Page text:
Stories that you confided to us

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Stories that you confided to us

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Oksana Fedorova
age: 40
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"We left to sound of the bullets and bombs"

We lived a peaceful, normal life. I worked in Horlivka, at the Food Safety, Disease Control and Prevention Service Department. I held the position of Head of the Children and Teenagers Hygiene Department. I really liked my job. My husband and I separated. I have a son. I have an apartment. There was some renovation left to do. I planned to finish the repairs and set some other goals for the future. Son was finishing the 9th grade.

The worst thing at war is the deaths of innocent people. We can buy everything we need. We just need to earn money. Life is precious. It cannot be bought.

We waited and prayed that Horlivka would be liberated

It all started unexpectedly. When the armed hostilities finished in Sloviansk, everyone waited and thought that the same thing would happen in Horlivka. Staying like that and doing nothing seemed pointless.  So we left on 28 July 2014.

On 28 July 28, there was a heavy bombing [I don't live in the centre]. Our bridge was blown up. we decided to leave to wait it out. People were exported to the south. On 28 July, we headed for Bilosaraiska Kosa.

We spent that night at my father's. He has an apartment on the first floor, and a basement. The bombardment was massive. We left to sound of the bullets and bombs. It was very scary.

We had swimsuits, flip-flops, and shorts with us.

We rented a house in Melekyne to wait it out. Then we realized there would be no end to this. I had friends in Mariupol. They helped us move to the dormitory in Mariupol. 

We had only swimsuits, flip-flops and shorts with us. We had nothing else. We thought it would end till September, but it didn't. Son was accepted to school without documents. He finished the 9th grade and went to the 10th grade.

Other pupils treated him normally. He adapted at school well. In October, I found a job here. Our Department in Donetsk was still functioning. They issued a decree on dismissal and sent a work record. So, that is how I could get employed. I worked as a physician. I have been the Head of the Department for almost two years.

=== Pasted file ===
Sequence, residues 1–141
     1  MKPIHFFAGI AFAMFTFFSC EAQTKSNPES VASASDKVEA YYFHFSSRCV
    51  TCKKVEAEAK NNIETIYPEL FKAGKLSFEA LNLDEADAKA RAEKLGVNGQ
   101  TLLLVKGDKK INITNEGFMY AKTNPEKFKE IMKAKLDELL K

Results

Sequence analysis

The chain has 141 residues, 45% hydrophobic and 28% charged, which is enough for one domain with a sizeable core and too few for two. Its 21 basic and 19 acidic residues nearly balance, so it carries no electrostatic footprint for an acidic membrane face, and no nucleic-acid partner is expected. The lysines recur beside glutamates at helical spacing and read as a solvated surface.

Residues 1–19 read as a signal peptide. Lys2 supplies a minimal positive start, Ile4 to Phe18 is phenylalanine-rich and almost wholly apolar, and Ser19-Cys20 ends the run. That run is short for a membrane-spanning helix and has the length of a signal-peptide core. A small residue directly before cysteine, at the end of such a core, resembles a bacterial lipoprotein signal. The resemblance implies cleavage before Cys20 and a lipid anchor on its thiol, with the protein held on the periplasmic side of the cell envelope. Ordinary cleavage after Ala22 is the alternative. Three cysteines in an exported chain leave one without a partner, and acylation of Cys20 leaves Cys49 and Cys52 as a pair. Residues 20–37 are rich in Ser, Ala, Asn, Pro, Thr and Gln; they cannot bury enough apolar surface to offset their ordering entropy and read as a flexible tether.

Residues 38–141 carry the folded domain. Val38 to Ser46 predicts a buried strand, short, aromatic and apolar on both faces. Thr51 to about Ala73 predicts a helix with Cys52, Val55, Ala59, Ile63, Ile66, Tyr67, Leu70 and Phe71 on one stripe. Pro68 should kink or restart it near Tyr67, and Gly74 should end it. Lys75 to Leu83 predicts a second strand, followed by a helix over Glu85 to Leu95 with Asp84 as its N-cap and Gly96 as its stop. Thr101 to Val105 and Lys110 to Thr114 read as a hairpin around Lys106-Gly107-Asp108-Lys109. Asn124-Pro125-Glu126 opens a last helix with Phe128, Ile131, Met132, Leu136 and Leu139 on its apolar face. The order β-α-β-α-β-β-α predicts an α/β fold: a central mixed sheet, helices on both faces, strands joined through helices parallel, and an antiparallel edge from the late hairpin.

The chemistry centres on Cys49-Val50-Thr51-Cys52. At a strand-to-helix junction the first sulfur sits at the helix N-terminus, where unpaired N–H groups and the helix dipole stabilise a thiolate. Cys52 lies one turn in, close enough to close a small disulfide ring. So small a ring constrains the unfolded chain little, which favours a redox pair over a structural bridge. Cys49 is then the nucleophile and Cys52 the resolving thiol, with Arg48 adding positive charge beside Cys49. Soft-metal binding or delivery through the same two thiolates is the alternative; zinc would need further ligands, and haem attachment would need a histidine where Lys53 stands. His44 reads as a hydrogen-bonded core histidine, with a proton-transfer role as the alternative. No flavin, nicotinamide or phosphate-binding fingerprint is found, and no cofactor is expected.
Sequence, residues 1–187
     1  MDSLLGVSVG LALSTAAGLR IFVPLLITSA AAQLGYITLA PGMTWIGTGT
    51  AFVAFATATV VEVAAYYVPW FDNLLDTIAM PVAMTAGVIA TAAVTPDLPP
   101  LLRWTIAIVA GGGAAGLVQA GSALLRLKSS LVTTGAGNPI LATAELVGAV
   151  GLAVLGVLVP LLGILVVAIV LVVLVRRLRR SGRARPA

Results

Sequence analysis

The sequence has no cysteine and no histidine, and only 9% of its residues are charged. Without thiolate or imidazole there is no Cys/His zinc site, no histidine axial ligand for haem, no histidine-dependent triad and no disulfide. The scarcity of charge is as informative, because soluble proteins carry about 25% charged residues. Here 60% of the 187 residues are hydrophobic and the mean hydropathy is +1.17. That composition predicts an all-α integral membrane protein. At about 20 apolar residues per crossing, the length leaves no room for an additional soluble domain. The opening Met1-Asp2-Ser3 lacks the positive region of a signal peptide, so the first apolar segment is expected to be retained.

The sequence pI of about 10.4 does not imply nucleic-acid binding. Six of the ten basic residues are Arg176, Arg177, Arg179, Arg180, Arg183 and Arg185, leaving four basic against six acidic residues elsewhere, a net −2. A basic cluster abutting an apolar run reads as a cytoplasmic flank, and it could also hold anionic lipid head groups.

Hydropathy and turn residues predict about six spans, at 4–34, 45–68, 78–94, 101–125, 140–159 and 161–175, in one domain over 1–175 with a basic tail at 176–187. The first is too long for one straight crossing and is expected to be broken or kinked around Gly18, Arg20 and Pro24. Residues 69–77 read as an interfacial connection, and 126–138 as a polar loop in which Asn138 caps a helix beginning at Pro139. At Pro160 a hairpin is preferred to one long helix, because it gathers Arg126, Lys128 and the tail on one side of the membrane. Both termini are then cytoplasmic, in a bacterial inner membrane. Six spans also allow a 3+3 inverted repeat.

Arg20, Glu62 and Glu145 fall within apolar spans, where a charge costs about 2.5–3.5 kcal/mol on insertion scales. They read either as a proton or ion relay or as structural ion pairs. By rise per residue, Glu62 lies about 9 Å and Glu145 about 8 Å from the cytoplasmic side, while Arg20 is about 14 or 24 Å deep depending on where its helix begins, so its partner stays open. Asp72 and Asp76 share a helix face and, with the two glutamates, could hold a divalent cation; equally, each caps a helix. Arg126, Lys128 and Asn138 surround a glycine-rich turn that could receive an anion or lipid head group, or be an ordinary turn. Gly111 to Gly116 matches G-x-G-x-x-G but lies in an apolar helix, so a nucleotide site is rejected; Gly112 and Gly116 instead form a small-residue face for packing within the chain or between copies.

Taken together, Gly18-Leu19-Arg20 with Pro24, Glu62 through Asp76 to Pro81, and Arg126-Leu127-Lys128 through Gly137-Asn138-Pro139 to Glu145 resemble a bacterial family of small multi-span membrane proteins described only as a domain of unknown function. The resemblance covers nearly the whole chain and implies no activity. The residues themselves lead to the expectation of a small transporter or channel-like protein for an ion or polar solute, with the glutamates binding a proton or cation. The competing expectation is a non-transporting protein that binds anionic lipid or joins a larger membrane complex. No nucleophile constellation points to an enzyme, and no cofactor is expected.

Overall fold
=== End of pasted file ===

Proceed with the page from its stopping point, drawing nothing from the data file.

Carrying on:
Major changes

The war brought major changes —abandoning our house, no jobs or food. We had some savings, but they did not last long. We had to wear summer clothes until October. Then dad sent our warm clothes.

We left to sound of the bullets and bombs

We lived in a dormitory. We received help from Rinat Akhmetov – food packages and thermal underwear.

The child got though it badly. He left his friends, school, and relatives behind. Here, he was alone. At tis age, friends are very important. I convinced him that the worst part was behind. Then he got used to living here and realized that it was better here than going back there. Despite the fact that we had left, I got through it easily.

I liked the city of Mariupol. It is more beautiful. Plus, we live not far from the sea. I liked it even more than Horlivka. I thought it was a good idea that we had left. It wasn't hard emotionally. I don't plan to return.

We left to sound of the bullets and bombs

The scariest thing

The worst thing at war is the deaths of innocent people. We can buy everything we need. We just need to earn money. Life is precious. It cannot be bought.

Due to the military actions that had been done, we left our home. We had to reconsider what we valued the most. In moments like this you begin to appreciate every minute of your life. My grandmother used to tell me, "Peace is the most important things." "Yes, grandmother, it is because you survived the war, but we won't have to live through it." It turned that I was so wrong. We all felt it. I wish people would not have to die.

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